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The History Of Herodotus Volume 2 of 2

Page: 67

94. So the Athenians were at war with the Eginetans; and meanwhile the Persian was carrying forward his design, since he was put in mind ever by his servant to remember the Athenians, and also because of the sons of Peisistratos were near at hand and brought charges continually against the Athenians, while at the same time Dareios himself wished to take hold of this pretext and subdue those nations of Hellas which had not given him earth and water. Mardonios then, since he had fared miserably in his expedition, he removed from his command; and appointing other generals to command he despatched them against Eretria and Athens, namely Datis, who was a Mede by race, and Artaphrenes the son of Artaphrenes, a nephew of the king: and he sent them forth with the charge to reduce Athens and Eretria to slavery and to bring the slaves back into his presence..

95. When these who had been appointed to command came in their march from the king to the Aleïan plain in Kilikia, taking with them a large and well-equipped land-army, then while they were encamping there, the whole naval armament came up, which had been appointed for several nations to furnish; and there came to them also the ships for carrying horses, which in the year before Dareios had ordered his tributaries to make ready. In these they placed their horses, and having embarked the land-army in the ships they sailed for Ionia with six hundred triremes. After this they did not keep their ships coasting along the mainland towards the Hellespont and Thrace, but they started from Samos and made their voyage by the Icarian Sea 84 and between the islands; because, as I think, they feared more than all else the voyage round Athos, seeing that in the former year 85 while making the passage by this way they had come to great disaster. Moreover also Naxos compelled them, since it had not been conquered at the former time. 86.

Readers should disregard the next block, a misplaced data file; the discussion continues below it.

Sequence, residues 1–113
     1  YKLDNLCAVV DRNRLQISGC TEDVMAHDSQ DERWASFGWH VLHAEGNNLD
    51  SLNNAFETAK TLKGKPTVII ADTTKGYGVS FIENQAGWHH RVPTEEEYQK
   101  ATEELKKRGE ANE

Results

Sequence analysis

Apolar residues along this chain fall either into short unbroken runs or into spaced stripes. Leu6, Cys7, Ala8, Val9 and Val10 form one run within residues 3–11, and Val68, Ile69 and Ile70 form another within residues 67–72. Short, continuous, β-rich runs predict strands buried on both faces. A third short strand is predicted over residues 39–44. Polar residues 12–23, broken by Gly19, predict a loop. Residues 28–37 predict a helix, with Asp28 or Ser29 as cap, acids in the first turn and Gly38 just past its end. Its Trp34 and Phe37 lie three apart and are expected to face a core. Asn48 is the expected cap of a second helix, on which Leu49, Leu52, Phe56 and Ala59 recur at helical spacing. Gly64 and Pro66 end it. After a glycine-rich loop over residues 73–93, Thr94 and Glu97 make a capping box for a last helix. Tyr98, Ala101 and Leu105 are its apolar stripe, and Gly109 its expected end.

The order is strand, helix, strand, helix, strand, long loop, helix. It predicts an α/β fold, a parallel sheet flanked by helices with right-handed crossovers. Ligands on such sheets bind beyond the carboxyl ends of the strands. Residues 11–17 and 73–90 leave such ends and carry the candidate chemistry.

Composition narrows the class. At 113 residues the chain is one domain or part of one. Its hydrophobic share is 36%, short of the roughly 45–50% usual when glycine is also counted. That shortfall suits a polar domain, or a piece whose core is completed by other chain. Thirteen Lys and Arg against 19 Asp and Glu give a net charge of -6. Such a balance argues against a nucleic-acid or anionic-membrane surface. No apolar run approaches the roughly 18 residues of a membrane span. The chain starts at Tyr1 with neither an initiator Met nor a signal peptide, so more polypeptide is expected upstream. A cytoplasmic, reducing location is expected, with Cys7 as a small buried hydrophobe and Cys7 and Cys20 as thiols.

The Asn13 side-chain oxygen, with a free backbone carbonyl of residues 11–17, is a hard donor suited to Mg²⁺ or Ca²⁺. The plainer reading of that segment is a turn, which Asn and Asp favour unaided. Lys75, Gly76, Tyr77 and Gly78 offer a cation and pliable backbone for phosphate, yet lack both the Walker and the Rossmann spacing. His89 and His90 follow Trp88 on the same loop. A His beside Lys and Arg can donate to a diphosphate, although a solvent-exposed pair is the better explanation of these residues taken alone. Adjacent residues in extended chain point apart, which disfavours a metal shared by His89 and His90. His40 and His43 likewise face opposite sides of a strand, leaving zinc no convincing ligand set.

96. And when they had arrived at Naxos, coming against it from the Icarian Sea (for it was against Naxos first that the Persians intended to make expedition, remembering the former events), the Naxians departed forthwith fleeing to the mountains, and did not await their attack; but the Persians made slaves of those of them whom they caught and set fire to both the temples and the town. Having so done they put out to sea to attack the other islands.

97. While these were doing thus, the Delians also had left Delos and fled away to Tenos; and when the armament was sailing in thither, Datis sailed on before and did not allow the ships to anchor at the island of Delos, but at Rhenaia on the other side of the channel; and he himself, having found out by inquiry where the men of Delos were, sent a herald and addressed them thus: "Holy men, why are ye fled away and departed, having judged of me that which is not convenient? for even I of myself have wisdom at least so far, and moreover it has been thus commanded me by the king, not to harm at all that land in which the two divinities were born, neither the land itself nor the inhabitants of it. Now therefore return to your own possessions and dwell in your island." Thus he proclaimed by a herald to the Delians; and after this he piled up and burned upon the altar three hundred talents' weight of frankincense.


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